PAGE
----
Jd’N: I think you’re right about the missionaries’ voices needing to be heard and carrying more weight/credibility than what we could bring to the table. Think of us MKs as the slide projector operator — we’re in a support role until this present generation fades into history. And then our job becomes making sure that history is not forgotten.
Postscript or a New Beginning?
Important!After an initial flurry of interest, life (and death) got in the way. Wars, illnesses, and personal tragedies all took their toll and this project was more-or-less dormant until July 10, 2007, when the following announcement of unilateral action (by me) was distributed to interested parties:
Several years ago, I dreamed up an idea to counter the misinformation routinely propagated about Arabs in general, and Muslims in particular. Some of you asked about the state of the project last week at the DC reunion [for American Community School alumni], and reiterated how badly it was needed. Others asked my parents about it the week before at a Waco, Texas reunion for retired ME missionaries. Because of the interest, I have purchased a virtual “store front” just in case I can figure out how to get this thing started.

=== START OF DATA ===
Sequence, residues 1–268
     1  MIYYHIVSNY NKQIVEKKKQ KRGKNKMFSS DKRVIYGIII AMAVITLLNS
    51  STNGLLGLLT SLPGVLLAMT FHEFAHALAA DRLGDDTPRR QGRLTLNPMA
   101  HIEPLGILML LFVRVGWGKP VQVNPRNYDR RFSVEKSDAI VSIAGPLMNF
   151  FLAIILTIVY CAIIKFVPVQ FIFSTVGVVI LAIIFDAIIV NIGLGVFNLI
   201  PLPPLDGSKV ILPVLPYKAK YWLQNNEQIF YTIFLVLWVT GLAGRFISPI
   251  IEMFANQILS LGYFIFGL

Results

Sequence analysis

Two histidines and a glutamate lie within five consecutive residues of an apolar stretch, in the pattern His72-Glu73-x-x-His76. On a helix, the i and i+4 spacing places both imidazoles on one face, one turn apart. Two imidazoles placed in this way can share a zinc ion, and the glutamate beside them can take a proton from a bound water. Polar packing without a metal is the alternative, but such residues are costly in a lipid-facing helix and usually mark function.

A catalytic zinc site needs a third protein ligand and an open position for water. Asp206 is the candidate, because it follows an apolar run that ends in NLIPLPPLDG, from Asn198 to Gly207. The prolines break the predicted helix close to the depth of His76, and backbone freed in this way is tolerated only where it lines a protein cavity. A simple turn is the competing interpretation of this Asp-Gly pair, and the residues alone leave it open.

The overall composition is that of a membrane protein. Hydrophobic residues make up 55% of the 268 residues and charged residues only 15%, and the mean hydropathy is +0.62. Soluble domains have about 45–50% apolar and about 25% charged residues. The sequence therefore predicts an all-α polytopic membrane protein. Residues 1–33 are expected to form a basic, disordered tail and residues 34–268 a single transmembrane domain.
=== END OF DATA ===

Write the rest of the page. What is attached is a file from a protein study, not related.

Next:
Since then, “Mission: Meeting” hasn’t progressed much beyond becoming a place for posting articles and images related to interfaith and diversity advocacy. The need for truth and light is even greater today than it was immediately after 9-11 (yes, that church in Sulphur is still flying the Israeli flag). Your ideas for next steps are always welcome.
²Full disclosure: That joke about the t-shirt is completely bogus. It was adapted from an old joke about swim meets seeming to last forever…